ATTLEBORO — The Attleboro Arts Museum will offer a new exhibit in February, “Luminaria,” which will pay tribute to the American Cancer Society’s Relay For Life fundraisers.
The exhibit, which is being planned for Feb. 15-21, will be presented in partnership with the Relay For Life of Greater Attleboro, now in its 22nd year. It will be held June 12-13 at Norton High School.
The relay typically draws participants from most Attleboro area communities, including Attleboro, North Attleboro, Norton, Plainville and Rehoboth. It involves dozens of teams and several hundred individuals, including volunteers, participants and spectators.
Museum Executive Director Mim Fawcett said the exhibit will feature artists’ renditions of luminaria, created in various media. Luminaria are paper bags that are lit on the track using glow sticks during the relay in honor of cancer survivors and in memory of cancer victims.
The luminaria ceremony includes a special lap taken around the track by cancer survivors and their caregivers. It has traditionally been one of the highlights of the annual event, and that inspired Fawcett to fashion the art exhibit around it.
“To help spread the word about this important cause and relay, the Attleboro Arts Museum will exhibit original ‘artful’ luminaria, created by artists in their own style and chosen medium,” Fawcett said. “The exhibit will shine a light on the mission of the American Cancer Society, the strength of community collaboration and the remarkable power of artistic expression.”
Fawcett said participating artists will include Eman Abdalla, Kareem Abdalla, Barbara J. Adams, Bill Clark, Susan G. Daum, Fawcett, Margo Lemieux, Amelia Lydon, Gwyn Marathas, Sheila Oliveira, Susan Potter, Nora Rabins, Betsy Ritz, Abby Rovaldi, Sarah Samways, Michelle Scotti, Kerry St. Pierre, Carolann Tebbetts and Steven Wiseman.
Brittney Toth, the American Cancer Society’s liaison for the event, expressed her gratitude to the museum for organizing the art display.
“I am excited to see the vision that the museum and the volunteers have been creating to showcase such an impactful moment of Relay For Life come to life,” Toth said. “I think this is a perfect way to spread the word about the great work that the Relay For Life of Greater Attleboro does within the community,” she said, adding that the exhibit “will highlight the mission of the American Cancer Society.”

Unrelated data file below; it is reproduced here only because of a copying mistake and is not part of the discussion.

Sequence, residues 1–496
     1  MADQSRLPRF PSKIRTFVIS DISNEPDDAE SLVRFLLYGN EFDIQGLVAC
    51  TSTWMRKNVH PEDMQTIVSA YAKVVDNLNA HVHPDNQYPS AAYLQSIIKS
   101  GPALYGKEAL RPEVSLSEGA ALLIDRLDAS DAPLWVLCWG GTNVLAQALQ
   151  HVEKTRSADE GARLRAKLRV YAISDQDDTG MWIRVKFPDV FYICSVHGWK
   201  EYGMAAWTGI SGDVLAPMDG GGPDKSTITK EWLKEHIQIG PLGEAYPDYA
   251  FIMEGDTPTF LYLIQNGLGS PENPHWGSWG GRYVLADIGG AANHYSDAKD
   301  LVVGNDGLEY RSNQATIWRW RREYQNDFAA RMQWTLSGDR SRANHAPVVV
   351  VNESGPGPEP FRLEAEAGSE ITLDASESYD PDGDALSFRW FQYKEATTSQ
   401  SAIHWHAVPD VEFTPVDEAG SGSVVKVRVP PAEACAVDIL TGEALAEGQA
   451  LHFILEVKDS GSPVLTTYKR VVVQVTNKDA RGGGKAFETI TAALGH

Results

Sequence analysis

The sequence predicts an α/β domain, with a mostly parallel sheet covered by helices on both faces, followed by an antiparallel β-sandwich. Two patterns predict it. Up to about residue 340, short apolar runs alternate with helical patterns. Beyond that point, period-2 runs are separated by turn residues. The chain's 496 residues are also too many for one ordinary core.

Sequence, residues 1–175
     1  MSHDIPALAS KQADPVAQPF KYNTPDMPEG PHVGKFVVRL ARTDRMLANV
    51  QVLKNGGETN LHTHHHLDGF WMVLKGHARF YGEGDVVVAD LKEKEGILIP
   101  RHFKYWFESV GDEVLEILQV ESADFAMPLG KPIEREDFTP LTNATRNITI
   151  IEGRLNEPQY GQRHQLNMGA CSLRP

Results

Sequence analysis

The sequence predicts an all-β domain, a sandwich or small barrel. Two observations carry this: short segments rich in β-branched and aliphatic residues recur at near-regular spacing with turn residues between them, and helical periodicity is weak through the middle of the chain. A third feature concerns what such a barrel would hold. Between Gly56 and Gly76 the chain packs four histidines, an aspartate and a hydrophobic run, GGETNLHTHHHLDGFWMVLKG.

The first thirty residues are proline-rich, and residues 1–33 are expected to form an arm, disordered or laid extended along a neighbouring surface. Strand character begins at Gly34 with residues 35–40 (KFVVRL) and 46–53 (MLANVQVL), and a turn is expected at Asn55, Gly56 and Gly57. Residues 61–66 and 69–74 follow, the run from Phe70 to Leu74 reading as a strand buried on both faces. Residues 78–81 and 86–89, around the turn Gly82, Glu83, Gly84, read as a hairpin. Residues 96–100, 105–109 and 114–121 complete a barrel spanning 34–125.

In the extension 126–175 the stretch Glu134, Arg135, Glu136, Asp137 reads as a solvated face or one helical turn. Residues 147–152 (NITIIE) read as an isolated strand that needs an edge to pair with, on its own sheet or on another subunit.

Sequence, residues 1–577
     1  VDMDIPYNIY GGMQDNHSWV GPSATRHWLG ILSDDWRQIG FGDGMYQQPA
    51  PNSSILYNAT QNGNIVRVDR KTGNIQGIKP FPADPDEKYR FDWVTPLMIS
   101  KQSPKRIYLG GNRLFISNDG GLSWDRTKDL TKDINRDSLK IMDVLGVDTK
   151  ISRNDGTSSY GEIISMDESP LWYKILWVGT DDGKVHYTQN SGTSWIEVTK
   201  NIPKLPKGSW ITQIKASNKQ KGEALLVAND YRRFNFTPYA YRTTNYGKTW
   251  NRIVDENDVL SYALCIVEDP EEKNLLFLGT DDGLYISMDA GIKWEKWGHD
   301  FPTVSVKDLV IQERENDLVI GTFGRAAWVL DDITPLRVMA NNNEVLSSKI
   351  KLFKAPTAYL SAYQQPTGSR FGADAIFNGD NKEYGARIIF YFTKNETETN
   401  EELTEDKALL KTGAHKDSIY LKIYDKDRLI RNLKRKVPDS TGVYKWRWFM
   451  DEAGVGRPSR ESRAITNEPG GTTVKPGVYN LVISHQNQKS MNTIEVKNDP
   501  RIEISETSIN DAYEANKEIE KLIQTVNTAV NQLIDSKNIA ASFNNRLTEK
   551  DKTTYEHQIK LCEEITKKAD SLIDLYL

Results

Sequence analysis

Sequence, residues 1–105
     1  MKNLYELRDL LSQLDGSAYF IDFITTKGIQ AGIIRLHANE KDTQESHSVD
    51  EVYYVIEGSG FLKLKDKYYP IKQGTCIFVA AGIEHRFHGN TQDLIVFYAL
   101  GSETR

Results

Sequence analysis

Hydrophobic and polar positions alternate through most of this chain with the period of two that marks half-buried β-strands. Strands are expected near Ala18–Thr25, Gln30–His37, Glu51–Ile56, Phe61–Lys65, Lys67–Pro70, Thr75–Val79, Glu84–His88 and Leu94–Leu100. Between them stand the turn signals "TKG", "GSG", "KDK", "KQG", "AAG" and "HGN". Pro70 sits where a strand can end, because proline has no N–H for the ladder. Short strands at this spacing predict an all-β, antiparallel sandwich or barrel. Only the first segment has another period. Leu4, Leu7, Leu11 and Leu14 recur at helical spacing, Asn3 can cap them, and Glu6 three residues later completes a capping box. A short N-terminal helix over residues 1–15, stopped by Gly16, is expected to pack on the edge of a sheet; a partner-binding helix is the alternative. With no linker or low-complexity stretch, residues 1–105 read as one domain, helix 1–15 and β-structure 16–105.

The opening reception for the “Luminaria” exhibit will take place from 2 to 4 p.m., Saturday, Feb. 15. Reception reservations are requested, but not required, by Feb. 14 by calling 508-222-2644, ext. 10, or via email at firstname.lastname@example.org.
After the opening reception, the exhibit will be open from 10 a.m. to 5 p.m. Tuesday, Feb. 18 through Friday, Feb. 21, at the 86 Park St. museum. (The museum is closed Sundays and Mondays.)
In addition, segments of the exhibition will remain on view during Attleboro’s Winter Night Festival, which will be held in downtown Attleboro from 4 to 7:30 p.m. Saturday, Feb. 22. There’s no admission charge for either the “Luminaria” exhibit or the festival.
The national Relay For Life fundraiser will be celebrating its 35th anniversary this year. It was started in 1985 by Dr. Gordon “Gordy” Klatt, who walked and ran for 24 hours around a track in Tacoma, Wash. He covered 83.6 miles and raised $27,000.
Klatt died Aug. 3, 2014, from heart failure and stomach cancer, but what he started has exceeded all expectations, as the fundraisers are now held in more than 5,200 communities and 20 countries and have raised more than $5 billion since 1985.
The Greater Attleboro Relay For Life is the oldest such event in this area, as it began in 1999 at North Attleboro High School, where it was held until moving to Norton in 2018.
Members from the relay’s organizing committee will be at both the exhibit’s opening reception and the Winter Night Festival to answer questions about this year’s relay.
The formal kickoff for the 2020 Greater Attleboro Relay For Life will be held 6:30-7:30 p.m. Monday, Jan. 27 at Plainridge Park Casino on Route 1 in Plainville. The kickoff is free and open to anyone interested in joining or supporting this year’s event.